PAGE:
Then, later in the month, I was in Charleston, West Virginia attending the annual meeting of the National Off-Highway Vehicle Conservation Council (NOHVCC). Much of the conference was spent discussing ways to access public lands for motorized recreation and doing so in a responsible and respectful manner. Representatives from state recreation agencies as well as the U. S. Forest Service, the Bureau of Land Management, and the U. S. Department of Transportation participated in the conference in addition to OHV enthusiasts.
Whether it is a congressional hearing focusing on access to public lands or national meetings and conferences on the same subject, more and more people are recognizing the importance of federal lands for a whole host of uses and activities. Having an attitude of accommodation to others goes a long way towards ensuring that access is not denied to all those who wish to visit and enjoy our public lands responsibly.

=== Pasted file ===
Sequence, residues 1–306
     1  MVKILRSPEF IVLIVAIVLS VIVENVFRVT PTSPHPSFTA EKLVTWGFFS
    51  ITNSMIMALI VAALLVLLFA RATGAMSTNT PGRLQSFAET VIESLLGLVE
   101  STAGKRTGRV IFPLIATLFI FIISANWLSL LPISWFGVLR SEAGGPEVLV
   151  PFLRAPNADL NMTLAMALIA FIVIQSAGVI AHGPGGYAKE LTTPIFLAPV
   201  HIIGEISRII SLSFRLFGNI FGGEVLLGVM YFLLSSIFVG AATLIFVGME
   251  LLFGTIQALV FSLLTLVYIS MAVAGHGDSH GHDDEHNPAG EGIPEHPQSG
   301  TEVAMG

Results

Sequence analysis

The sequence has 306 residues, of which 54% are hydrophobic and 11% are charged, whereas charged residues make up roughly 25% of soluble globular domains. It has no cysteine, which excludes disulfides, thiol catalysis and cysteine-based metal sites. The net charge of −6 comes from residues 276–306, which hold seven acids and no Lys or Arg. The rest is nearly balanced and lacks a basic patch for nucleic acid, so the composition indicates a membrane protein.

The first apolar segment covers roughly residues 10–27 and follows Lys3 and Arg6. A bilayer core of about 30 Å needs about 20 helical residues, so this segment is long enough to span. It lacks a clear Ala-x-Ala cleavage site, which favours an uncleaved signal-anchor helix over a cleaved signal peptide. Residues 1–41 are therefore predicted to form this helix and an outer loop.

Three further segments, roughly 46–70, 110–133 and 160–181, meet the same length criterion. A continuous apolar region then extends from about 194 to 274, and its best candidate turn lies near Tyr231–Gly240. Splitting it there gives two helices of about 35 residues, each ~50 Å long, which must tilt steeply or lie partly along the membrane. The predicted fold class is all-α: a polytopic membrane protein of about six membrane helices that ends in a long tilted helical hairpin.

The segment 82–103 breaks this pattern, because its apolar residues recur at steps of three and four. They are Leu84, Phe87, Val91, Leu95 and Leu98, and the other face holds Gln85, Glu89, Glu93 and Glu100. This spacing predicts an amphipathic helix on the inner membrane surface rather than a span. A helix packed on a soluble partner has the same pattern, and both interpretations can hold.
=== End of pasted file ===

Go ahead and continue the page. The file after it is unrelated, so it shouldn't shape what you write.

Yellowstone Controversy Continues
I get tired writing about it and you probably get tired reading about it, but snowmobile access to Yellowstone National Park continues to stir controversy. The latest salvo is that seven former directors of the National Park Service wrote to Secretary Kempthorne requesting that he overturn a proposal that would continue to permit up to 720 snowmobiles access to the park each day.
We continue to believe that the current plan is a workable compromise especially now that snowmobile groups are required to use a commercial guide and that snowmobiles must adhere to stringent emission controls.